Rather than risk being alienated from their colleagues, many scientists find themselves interpellated by hegemonic discourses and come to disregard all others. Unfortunately,privileging a single discourse (evidence-based medicine (EBM)) situated within a single scientific paradigm (postpositivism) confines the researcher to a yoke of exactly reproducing the established order. To a large degree, the dominant discourse represents the ladder of success in academic and research milieus where it establishes itself as a weapon used against those who praise the freedom of scientific inquiry and the free debate of ideas.Say what? I'm sure all those who struggled to get a few hours of EBM instruction into about one-third of internal medicine residencies by 2002 will be gratified to know that they are supposed to be on "the ladder of success in academic and research mileius." The notion that someone thinks EBM has been used to suppress free speech is just plain mind-boggling, although post-modernism has certainly been used to justify the suppression of free speech. (See, for example, the title essay in There's No Such Thing as Free Speech, and It's a Good Thing, Too by Stanley Fish.)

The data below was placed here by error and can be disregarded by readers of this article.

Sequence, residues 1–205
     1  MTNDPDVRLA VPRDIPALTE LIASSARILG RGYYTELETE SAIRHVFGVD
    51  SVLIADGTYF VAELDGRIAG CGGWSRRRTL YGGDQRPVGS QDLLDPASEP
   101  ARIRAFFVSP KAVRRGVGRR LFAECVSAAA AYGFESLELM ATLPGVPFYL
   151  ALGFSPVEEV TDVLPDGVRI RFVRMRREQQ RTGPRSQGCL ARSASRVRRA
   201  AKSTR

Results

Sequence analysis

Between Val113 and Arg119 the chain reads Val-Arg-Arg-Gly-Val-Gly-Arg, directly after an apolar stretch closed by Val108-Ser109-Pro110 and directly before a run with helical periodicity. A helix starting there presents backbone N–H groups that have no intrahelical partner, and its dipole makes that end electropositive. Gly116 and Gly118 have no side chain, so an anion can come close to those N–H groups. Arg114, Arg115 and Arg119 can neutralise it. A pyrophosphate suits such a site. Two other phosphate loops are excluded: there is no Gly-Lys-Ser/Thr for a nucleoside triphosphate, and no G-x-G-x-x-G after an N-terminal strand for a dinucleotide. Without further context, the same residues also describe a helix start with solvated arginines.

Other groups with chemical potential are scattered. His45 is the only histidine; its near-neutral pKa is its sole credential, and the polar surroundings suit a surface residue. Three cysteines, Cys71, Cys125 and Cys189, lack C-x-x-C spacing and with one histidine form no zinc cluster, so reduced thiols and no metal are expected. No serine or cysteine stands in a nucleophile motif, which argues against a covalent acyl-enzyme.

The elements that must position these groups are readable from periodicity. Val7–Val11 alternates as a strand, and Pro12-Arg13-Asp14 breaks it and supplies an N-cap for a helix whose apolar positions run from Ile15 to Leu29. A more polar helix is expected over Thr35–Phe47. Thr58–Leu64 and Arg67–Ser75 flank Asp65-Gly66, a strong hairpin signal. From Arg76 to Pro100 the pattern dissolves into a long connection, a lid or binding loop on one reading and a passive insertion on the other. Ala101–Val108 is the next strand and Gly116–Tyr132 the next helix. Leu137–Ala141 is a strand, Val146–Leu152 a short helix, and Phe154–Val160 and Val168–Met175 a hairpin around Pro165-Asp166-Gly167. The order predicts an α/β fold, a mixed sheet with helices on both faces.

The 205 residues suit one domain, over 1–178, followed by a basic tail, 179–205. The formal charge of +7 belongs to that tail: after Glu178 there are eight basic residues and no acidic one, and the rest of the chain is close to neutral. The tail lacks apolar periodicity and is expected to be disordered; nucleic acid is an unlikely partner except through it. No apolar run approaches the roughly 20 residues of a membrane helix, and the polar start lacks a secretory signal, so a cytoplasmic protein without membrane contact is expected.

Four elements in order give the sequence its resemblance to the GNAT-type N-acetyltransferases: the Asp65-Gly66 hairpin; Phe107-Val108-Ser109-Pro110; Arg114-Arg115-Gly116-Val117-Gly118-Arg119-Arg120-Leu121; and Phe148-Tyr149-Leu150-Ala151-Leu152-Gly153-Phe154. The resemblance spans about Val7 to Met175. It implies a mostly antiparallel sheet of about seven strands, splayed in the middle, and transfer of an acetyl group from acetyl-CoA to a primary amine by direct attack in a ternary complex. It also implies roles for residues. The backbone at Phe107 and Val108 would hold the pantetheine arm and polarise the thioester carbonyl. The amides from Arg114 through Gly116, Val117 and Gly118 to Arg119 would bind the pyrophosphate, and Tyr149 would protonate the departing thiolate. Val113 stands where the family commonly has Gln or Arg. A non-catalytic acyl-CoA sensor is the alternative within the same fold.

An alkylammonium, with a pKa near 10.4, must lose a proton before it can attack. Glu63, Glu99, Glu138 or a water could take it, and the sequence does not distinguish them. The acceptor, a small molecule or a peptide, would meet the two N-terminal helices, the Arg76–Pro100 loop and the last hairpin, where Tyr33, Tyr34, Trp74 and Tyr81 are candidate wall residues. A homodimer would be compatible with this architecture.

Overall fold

If anyone knows of such an institution, please tell me about it so I can apply there for a job.
Holmes et al also asserted that EBM advocates get "institutional promotions and accolades, public recognition, and state contracts of all kinds." Huh? Boy, I sure have missed out, and so have many of my friends and colleagues. At least in the US, EBM has not exactly been high on the priority list for federal government funding. (To add further irony, the article by Holmes at al was funded by one of those "state contracts of all kinds." Their paper was funded by the Canadian government, through the Canadian Institutes of Health Research- Institute of Gender and Health.)
But the paper goes from hilarious to nasty (which is why I don't believe that it was a hoax or a parody). The paper literally accuses advocates of evidence based health of being fascists,
Drawing in part on the work of the late French philosophers Deleuze and Guattari, the objective of this paper is to demonstrate that the evidence-based movement in theThem's close to fightin' words.
health sciences is outrageously exclusionary and dangerously normative with regards to scientific knowledge. As such, we assert that the evidence-based movement in health sciences constitutes a good example of microfascism at play in the contemporary scientific arena. The philosophical work of Deleuze and Guattari1 proves to be useful in showing how health sciences are colonised (territorialised) by an all-encompassing scientific research paradigm – that of post-positivism – but also and foremost in showing the process by which a dominant ideology comes to exclude alternative forms of knowledge, therefore acting as a fascist structure.